How Judith Adams voted compared to someone who believes that the federal government should increase fishing restrictions so that fish populations are sustainable

Division Judith Adams Supporters vote Division outcome

19th Mar 2012, 4:32 PM – Senate Motions — Western Australia Export Fishing Licences - Refuse export licence until observer program established

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The majority voted against a motion moved by Greens Senator Rachel Siewert, which means that it was rejected. The motion was:

That the Senate—

(a) notes that:

(i) there are less than 12,500 Australian sea lions left in Australian waters and that the 2,000 left in Western Australian waters are extremely vulnerable,

(ii) one of the greatest threats to the survival of Australian sea lions is gillnets,

(iii) the Western Australian Department of Fisheries has failed to meet the government's conditions to put an observer program in place on boats within its gillnet fisheries to establish how many sea lions and dolphins are killed each year,

(iv) without observers, the number of Australian sea lions and dolphins dying in gillnets is likely to be grossly under reported, given that the example from the South Australian shark gillnet fishery demonstrated that few deaths were reported until observer-based studies identified up to 374 sea lions and 56 dolphins were dying every 18 months,

(v) the South Australian shark gillnet fishery now has compulsory video or observer coverage on every vessel, as well as new rules to protect Australian sea lions, and

(vi) the Western Australian Department of Fisheries is currently re-applying to the Department of Sustainability, Environment, Water, Population and Communities for export approval for Western Australia's Temperate Demersal Gillnet and Demersal Longline Fisheries;

(b) is concerned that, before any re-approval of export licensing, the Western Australian Department of Fisheries should identify its impact on sea lions and safeguard vulnerable and protected marine life from the fishery's impacts; and

(c) calls on the government to refuse the grant of the export licence for this fishery until an observer program is put in place and designated buffer zones are created around sea lion breeding colonies.

absent Yes Not passed by a modest majority

19th Jun 2006, 3:43 PM – Senate Motions - Sea Bottom Trawl Fishing - Address destructive impact

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The majority voted against a motion introduced by Greens Senator Rachel Siewert, which means that it was rejected. The motion was:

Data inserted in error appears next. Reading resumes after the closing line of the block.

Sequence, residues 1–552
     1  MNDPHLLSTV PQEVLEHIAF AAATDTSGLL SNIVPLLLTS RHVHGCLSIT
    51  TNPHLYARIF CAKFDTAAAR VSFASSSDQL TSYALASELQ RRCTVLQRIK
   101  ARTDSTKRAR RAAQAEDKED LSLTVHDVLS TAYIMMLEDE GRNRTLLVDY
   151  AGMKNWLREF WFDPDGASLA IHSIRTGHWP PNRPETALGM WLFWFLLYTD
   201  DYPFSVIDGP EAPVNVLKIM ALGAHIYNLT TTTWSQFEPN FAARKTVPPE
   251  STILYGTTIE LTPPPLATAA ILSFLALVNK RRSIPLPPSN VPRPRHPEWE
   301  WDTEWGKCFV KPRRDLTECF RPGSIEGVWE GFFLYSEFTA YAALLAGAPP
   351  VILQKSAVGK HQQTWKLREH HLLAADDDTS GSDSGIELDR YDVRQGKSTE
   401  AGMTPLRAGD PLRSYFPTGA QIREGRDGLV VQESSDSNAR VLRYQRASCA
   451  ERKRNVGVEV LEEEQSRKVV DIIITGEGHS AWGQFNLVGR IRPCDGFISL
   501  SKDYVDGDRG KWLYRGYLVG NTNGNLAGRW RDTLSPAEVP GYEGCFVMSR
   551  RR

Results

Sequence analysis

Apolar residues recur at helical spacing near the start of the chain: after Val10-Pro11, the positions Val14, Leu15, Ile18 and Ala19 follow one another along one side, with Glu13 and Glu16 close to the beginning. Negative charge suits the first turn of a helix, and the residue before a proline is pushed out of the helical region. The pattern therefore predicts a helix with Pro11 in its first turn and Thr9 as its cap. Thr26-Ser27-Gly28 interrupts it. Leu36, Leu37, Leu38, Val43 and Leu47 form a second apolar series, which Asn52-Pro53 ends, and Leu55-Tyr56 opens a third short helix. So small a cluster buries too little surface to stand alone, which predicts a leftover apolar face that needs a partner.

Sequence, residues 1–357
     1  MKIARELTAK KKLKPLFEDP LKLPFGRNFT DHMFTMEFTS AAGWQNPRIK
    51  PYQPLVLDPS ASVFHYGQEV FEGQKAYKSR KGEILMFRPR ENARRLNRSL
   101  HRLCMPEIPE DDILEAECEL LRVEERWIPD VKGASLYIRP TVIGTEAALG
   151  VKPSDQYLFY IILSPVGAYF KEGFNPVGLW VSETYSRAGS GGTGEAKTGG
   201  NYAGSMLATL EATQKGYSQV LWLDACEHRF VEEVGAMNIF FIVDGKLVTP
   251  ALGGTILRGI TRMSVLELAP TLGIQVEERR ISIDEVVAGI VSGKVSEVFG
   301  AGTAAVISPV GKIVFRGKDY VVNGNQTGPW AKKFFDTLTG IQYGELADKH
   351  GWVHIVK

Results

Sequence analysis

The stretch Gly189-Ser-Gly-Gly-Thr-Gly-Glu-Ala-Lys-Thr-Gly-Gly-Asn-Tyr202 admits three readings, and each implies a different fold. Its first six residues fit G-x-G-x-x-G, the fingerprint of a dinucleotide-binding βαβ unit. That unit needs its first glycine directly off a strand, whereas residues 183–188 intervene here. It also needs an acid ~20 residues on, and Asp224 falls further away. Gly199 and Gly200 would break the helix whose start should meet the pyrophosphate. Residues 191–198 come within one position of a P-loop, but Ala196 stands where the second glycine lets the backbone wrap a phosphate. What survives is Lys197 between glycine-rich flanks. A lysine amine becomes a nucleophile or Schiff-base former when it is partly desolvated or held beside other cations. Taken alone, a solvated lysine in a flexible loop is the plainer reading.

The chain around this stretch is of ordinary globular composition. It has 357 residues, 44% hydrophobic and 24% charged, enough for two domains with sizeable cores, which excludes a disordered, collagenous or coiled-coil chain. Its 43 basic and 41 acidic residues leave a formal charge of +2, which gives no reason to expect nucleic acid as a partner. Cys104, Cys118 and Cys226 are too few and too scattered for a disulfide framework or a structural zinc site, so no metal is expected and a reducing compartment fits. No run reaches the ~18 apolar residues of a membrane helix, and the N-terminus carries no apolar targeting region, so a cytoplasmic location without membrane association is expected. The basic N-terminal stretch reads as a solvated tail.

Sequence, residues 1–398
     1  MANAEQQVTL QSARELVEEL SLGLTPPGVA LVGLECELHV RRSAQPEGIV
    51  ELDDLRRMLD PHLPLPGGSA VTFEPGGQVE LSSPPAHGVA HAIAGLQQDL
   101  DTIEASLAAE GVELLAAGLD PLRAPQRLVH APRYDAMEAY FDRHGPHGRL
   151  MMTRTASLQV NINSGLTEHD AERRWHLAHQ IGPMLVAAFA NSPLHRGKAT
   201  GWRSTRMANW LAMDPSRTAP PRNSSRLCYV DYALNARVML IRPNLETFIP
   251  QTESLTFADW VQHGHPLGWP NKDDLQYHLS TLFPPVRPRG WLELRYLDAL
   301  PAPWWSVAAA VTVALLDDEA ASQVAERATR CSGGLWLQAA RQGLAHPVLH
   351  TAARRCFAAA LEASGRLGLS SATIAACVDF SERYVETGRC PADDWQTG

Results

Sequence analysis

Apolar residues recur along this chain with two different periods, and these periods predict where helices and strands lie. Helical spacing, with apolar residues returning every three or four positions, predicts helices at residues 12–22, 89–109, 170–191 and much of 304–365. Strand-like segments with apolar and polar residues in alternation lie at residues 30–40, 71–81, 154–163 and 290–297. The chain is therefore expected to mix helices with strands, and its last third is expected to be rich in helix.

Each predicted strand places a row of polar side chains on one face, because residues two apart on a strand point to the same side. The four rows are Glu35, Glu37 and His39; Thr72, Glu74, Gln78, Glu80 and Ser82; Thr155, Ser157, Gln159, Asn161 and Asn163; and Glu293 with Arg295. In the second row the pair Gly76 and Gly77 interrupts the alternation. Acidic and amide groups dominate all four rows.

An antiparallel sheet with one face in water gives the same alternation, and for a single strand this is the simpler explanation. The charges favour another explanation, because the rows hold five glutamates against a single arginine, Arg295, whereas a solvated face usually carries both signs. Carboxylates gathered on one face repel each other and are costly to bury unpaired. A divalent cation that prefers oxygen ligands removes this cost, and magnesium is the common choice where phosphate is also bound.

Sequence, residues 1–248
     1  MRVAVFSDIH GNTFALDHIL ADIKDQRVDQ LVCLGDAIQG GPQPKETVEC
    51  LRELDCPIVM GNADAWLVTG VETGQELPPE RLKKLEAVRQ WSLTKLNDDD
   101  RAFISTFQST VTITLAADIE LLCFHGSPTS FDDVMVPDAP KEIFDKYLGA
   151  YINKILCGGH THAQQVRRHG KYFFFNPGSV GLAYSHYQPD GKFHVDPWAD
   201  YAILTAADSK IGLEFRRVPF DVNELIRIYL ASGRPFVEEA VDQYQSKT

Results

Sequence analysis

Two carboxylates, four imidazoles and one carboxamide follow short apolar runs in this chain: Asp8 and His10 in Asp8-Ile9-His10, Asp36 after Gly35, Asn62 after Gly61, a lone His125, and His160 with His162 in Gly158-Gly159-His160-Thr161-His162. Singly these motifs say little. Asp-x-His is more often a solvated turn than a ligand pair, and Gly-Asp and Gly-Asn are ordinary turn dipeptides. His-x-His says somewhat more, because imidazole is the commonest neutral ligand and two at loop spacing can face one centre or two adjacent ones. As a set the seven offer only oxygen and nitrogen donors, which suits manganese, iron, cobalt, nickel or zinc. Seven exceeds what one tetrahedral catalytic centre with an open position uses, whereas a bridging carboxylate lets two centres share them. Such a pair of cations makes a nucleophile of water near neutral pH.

That the Senate—

(a) recognises that unregulated high seas bottom trawling is inconsistent with international law as recognised in the United Nations (UN) Convention on the Law of the Sea;

(b) notes the Australian Government’s initiatives in developing long-term governance arrangements to address destructive fishing practices such as illegal, unregulated and unreported fishing and high sea bottom trawling;

(c) calls on the Government to report on its actions to inform a review of progress and future recommendations to address the destructive impacts on deep sea ecosystems, as requested by the UN, and which was to have been provided by 1 May 2006;

(d) notes that:

(i) these governance measures will take time to develop and implement and the need, therefore, for interim short-term measures, such as a global moratorium on high seas bottom trawling, and

(ii) the UN General Assembly will consider a proposal for a global moratorium on high seas bottom trawling in October or November 2006; and

(e) calls on the Government to support interim measures to address the destructive impacts of bottom trawling on deep sea ecosystems while long-term governance measures are put in place.

No Yes Not passed by a small majority

How "voted strongly against" is worked out

The MP's votes count towards a weighted average where the most important votes get 50 points, less important votes get 10 points, and less important votes for which the MP was absent get 2 points. In important votes the MP gets awarded the full 50 points for voting the same as the policy, 0 points for voting against the policy, and 25 points for not voting. In less important votes, the MP gets 10 points for voting with the policy, 0 points for voting against, and 1 (out of 2) if absent.

Then, the number gets converted to a simple english language phrase based on the range of values it's within.

No of votes Points Out of
Most important votes (50 points)      
MP voted with policy 0 0 0
MP voted against policy 0 0 0
MP absent 0 0 0
Less important votes (10 points)      
MP voted with policy 0 0 0
MP voted against policy 1 0 10
Less important absentees (2 points)      
MP absent* 1 1 2
Total: 1 12

*Pressure of other work means MPs or Senators are not always available to vote – it does not always indicate they have abstained. Therefore, being absent on a less important vote makes a disproportionatly small difference.

Agreement score = MP's points / total points = 1 / 12 = 8.3%.

And then